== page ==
Professor Daniel T. Willingham earned his B.A. from Duke University in 1983 and his Ph.D. in Cognitive Psychology from Harvard University in 1990. He is currently Professor of Psychology at the University of Virginia, where he has taught since 1992. Until about 2000, his research focused solely on the brain basis of learning and memory. Today, all of his research concerns the application of cognitive psychology to K-16 education.
Daniel writes the “Ask the Cognitive Scientist” column for American Educator magazine, in which he has translated relevant cognitive science research for educators since 2003. He is also a prolific author whose writing on education has appeared in seventeen languages. His classic book, Why Don’t Students Like School?, has recently been republished in its second edition with additional material. He has also written When Can You Trust the Experts?, Raising Kids Who Read, and The Reading Mind. His forthcoming book (set for release in August 2022) is entitled Outsmart Your Brain: Why Learning is Hard and How You Can Make It Easy, this time directed at students themselves to support them to develop their self-management and study skills.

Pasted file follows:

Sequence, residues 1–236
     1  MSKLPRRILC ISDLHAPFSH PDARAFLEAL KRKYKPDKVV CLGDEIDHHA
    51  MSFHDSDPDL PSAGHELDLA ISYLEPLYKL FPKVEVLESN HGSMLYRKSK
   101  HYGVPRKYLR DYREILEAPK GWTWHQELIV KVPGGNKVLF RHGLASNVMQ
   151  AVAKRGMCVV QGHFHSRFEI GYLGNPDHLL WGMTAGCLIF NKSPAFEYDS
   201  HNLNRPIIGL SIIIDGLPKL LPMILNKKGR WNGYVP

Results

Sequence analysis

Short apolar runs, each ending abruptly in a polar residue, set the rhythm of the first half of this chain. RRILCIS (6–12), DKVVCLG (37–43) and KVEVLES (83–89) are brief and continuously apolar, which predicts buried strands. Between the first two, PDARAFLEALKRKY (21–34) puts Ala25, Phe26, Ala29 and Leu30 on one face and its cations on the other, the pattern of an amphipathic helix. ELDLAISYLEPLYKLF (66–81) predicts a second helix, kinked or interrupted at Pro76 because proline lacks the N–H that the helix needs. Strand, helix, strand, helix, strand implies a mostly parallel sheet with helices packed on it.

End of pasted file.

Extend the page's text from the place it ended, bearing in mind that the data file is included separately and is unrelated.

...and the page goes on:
In 2017, Professor Willingham was appointed by President Obama to serve as a Member of the National Board for Education Sciences.